What does it mean to be a man? It is a question running through every boy’s mind in the course of their maturity, and one that defines their identity. It is also, one of the most difficult life questions to answer.
Scripture shows us examples of the role of men in God’s plan of salvation. In the Old Testament, the men living in Jerusalem were considered heads of their households: “All these men were heads of their families” (1 Chr 9:9). St Paul also charges husbands with the responsibility to love and protect their wives “as Christ loved the church and gave his life for it” (Eph 5:23, 25). Leaders in the Church are to resist being overwhelmed by pride, and be respectable men of good character (1 Tim 3:5, 7).
Perhaps the easiest way to learn what it takes to be a good man is to look at the shining examples history puts before us, the greatest of whom, should surely be St Joseph, spouse of the Most Blessed Virgin Mary, and patron of the Universal Church. Let’s look at some lessons we can draw from the compassion and humility of St Joseph, foster father of our Lord.
Joseph was a carpenter by trade, and became betrothed to Mary. Originally unaware of the child’s divine origin, upon discovering the Mary was with child, Joseph wanted to protect her from the possible backlash she could face, during a time when women accused of adultery could possibly be stoned to death (Mt 1:19). His compassion cam before his ego. His foremost priority upon discovering his fiancée’s pregnancy was not to accuse her of infidelity, but to protect her dignity and safety.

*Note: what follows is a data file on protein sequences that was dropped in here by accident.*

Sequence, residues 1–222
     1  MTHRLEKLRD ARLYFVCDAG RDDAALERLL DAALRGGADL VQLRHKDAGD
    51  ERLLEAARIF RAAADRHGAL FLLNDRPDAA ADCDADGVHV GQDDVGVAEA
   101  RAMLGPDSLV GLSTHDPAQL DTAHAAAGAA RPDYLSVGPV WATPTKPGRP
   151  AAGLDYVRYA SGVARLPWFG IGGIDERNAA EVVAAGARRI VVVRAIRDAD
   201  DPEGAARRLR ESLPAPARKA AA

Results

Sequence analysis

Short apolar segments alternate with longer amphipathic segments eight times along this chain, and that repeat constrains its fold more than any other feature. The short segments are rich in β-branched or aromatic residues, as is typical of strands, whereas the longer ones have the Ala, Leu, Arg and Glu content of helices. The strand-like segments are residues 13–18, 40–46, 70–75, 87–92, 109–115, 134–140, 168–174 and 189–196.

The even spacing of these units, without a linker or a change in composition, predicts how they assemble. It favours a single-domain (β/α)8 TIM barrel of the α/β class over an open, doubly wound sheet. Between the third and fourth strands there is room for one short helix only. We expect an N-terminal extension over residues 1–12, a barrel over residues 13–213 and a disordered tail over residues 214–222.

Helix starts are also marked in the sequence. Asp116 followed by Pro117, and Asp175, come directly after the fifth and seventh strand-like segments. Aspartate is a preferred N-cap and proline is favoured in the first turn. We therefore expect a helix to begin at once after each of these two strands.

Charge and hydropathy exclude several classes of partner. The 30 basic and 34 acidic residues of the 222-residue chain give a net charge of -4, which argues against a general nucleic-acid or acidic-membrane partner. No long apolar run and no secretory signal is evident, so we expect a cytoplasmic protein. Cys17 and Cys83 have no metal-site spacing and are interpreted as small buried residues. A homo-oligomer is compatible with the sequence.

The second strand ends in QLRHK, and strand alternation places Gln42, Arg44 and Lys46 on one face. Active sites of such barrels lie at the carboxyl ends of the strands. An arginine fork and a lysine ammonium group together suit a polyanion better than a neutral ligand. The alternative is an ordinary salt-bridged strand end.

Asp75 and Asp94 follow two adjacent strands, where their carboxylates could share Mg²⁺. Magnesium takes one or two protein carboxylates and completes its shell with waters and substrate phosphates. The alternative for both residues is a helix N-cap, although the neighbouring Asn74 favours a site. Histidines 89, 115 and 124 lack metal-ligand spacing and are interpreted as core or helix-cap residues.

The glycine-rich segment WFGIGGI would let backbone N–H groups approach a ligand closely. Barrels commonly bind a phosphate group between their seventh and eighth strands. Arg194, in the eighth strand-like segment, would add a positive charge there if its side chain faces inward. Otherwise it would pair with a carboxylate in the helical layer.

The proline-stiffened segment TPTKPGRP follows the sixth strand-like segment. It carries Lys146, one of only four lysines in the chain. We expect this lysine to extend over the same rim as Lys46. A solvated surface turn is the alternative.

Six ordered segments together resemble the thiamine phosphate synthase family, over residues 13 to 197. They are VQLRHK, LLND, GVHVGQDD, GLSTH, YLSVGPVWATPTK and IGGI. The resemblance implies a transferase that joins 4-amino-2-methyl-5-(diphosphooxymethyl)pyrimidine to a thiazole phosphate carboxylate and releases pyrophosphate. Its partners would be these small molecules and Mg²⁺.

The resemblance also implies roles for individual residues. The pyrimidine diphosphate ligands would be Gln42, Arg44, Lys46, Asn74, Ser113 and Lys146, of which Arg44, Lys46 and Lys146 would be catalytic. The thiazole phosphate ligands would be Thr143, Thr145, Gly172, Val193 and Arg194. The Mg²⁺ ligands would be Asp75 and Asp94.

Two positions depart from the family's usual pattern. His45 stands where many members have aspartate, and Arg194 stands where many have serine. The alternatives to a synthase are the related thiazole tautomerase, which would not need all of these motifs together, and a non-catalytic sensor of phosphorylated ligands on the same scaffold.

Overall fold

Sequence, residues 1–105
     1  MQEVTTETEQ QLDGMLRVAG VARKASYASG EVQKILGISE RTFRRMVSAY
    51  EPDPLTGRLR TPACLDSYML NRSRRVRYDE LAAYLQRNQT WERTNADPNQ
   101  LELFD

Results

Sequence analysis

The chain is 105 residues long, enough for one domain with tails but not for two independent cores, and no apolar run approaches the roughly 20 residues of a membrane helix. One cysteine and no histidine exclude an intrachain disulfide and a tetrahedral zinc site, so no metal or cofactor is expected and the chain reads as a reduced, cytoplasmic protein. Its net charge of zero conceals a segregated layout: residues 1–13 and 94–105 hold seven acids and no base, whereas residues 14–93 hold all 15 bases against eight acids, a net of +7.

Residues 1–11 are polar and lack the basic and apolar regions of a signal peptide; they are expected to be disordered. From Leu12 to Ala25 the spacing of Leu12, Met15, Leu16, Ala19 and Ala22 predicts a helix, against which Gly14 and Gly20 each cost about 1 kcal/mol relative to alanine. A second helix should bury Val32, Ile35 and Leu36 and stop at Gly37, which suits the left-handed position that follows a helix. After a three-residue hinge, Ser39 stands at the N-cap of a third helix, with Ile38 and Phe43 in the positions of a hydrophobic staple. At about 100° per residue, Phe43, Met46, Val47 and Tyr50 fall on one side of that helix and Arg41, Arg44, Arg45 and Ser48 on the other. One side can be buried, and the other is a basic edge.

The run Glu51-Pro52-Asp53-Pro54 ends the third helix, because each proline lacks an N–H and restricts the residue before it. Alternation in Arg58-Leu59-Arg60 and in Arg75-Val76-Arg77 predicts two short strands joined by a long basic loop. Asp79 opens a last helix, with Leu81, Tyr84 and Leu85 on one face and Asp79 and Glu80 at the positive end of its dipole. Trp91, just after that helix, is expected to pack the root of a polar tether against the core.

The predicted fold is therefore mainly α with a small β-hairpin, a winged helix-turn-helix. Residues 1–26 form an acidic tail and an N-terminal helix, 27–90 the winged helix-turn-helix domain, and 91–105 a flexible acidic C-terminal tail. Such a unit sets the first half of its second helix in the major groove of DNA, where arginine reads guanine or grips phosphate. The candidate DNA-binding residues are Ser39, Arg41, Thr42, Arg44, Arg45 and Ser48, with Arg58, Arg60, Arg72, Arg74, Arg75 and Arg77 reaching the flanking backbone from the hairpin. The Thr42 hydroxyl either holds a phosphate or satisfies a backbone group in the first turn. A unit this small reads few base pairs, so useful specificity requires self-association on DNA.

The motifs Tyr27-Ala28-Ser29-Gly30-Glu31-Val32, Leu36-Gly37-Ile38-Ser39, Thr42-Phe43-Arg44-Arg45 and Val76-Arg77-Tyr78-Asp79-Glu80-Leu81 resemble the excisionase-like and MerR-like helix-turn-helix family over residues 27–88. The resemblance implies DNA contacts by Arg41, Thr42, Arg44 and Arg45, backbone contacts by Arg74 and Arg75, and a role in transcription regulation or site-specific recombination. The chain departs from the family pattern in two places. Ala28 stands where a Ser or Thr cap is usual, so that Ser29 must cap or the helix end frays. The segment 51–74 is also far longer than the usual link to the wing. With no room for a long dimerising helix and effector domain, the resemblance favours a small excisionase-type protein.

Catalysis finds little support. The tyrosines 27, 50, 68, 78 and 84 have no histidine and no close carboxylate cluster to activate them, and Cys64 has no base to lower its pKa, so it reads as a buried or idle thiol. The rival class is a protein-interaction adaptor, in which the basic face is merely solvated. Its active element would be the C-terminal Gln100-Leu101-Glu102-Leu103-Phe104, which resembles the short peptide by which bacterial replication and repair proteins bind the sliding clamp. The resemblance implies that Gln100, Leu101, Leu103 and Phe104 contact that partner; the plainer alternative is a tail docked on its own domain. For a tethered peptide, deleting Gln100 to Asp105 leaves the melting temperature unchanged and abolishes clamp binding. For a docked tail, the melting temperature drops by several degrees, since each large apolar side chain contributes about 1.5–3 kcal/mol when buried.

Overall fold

Today, popular culture and mass entertainment has eroded men’s respect for women. The value of women has been reduced to an object of sexual gratification, to be won over by a masculinity defined by wealth, political influence, popularity and sex appeal, as opposed to the husband-figure described by St Paul. St Joseph’s example reminds us that as men, we are called to reject the casual objectification of women in film and media, and to remember our mission to protect the dignity of women, like how Christ defends the dignity of His Church.
St Joseph also led a humble life, working in what most would consider a lower-skilled profession in his time (some of the people whom Jesus preached to did not take him seriously, for He was the son of a carpenter) (cf Mt 13:55-56). During Jesus’ circumcision ceremony, he and Mary offered a pair of doves (cf Luke 2:24). This was allowed because they were too poor to afford a lamb.
As generations of young people grow up with the belief that success solely stems from how much money they make and how influential they become, our society has become a more cutthroat and competitive environment. A man whose self-esteem is founded upon the benchmarks of economic materialism – rather than on his identity as a son of God – will become endlessly discouraged by how little he has compared to other men. We are all equally loved by God, regardless of what position we hold or achieve in life. This is a message we need to constantly remind ourselves and our students.
God desires not our earthly accolades, but that we “do what is just, to show constant love, and to live in humble fellowship” with Him (cf Micah 6:8), as St Joseph has exemplified in his simple lifestyle. Pope Francis echoed during a recent Palm Sunday homily, the humility of Christ became the saving grace of humanity. Likewise, as educators, we are called to emulate that willingness to empty ourselves of personal ambition, and devote our hearts to the greater good of nurturing God’s young people.
It is an opportune time in this Jubilee of Mercy to recognise man’s calling to love and protect, to respect and treat our fellow men as fathers and brothers, and women as mothers and sisters (1 Tim 5:1-2). St Joseph’s was a man living a humble life filled with great love, and we are all called to be men like him.